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Angular momentum of a system

  1. Oct 16, 2011 #1
    I do not understand this one step in deriving the angular momentum theorem for a system of particles.

    The vector angular momentum about the point Q, not necessarily the origin is..
    [PLAIN]http://img27.imageshack.us/img27/8196/pfquestion.gif [Broken]

    I do not understand why the difference in the velocities of the point Q and k equals the DERIVATIVE of the momentum. If you bring the mass term into the expression, then shouldn't it be equal to just p? Why is it dp/dt??
     
    Last edited by a moderator: May 5, 2017
  2. jcsd
  3. Oct 16, 2011 #2
    Never mind, I just got it by differentiating. Now what I don't get is the next part. I will post a pic soon.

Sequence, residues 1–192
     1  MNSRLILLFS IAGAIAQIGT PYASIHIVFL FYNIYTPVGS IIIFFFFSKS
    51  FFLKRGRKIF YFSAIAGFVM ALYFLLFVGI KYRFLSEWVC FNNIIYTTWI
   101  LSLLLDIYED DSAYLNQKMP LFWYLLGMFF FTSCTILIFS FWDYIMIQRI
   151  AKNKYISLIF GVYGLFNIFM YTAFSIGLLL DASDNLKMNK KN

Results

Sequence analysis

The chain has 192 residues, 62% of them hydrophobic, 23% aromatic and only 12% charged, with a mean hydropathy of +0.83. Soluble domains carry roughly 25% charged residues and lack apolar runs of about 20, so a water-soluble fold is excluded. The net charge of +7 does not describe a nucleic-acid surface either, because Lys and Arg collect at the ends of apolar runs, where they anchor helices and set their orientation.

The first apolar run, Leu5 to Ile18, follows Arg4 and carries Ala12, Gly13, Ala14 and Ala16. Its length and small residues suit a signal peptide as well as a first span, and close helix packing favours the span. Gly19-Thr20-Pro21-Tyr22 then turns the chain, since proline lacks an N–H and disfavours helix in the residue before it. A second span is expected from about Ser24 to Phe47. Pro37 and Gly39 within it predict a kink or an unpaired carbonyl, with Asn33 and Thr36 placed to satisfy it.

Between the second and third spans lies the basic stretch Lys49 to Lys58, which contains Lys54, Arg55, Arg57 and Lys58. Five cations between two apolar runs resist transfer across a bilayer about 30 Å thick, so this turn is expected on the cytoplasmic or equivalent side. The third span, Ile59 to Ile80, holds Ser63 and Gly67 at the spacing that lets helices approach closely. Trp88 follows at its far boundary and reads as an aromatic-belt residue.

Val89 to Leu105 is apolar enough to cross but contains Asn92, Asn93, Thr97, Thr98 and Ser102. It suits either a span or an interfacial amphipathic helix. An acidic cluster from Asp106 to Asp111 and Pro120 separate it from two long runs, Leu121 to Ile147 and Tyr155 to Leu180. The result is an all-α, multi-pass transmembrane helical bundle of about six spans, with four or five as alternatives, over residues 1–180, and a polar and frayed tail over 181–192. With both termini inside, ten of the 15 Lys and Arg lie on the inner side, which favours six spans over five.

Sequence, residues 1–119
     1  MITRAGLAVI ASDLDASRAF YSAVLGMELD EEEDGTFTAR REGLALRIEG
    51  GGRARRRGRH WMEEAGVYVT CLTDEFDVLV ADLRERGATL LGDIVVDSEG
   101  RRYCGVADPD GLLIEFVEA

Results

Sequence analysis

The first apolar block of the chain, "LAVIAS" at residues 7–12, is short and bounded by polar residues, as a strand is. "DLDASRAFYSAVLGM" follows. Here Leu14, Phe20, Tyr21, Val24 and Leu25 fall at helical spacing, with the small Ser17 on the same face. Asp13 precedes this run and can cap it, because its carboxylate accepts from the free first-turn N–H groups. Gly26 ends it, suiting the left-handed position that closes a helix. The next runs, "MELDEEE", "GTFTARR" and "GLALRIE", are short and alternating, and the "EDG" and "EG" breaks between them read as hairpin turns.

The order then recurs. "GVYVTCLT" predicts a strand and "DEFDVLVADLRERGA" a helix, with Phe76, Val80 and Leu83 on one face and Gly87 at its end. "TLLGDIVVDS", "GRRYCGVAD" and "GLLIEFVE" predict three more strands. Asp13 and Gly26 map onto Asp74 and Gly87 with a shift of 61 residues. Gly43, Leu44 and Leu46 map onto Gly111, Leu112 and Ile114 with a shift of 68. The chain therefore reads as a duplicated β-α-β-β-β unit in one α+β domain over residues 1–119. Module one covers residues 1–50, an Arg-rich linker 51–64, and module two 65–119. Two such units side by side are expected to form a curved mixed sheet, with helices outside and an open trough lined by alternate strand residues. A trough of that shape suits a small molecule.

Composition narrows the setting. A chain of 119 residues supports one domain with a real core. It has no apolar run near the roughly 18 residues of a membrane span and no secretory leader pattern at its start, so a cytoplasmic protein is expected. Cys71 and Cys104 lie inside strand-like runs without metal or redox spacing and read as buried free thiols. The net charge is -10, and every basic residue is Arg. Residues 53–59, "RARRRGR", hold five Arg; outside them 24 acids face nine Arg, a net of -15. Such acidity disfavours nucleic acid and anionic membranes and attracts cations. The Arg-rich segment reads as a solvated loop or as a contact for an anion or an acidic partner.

EDIT:
    Okay so, when I differentiate the expression for angular momentum, I get the expression above. When THEY differentiate it, they get what I have plus this additional term.

    [PLAIN]http://img24.imageshack.us/img24/9514/pfquestion1.gif [Broken]

    Maybe I am being oblivious again, but I cannot get this term to make sense!
     
    Last edited by a moderator: May 5, 2017
  4. Oct 16, 2011 #3
    Yup! being oblivious again! I got it. I think on that note, I should finally stop studying haha.
     
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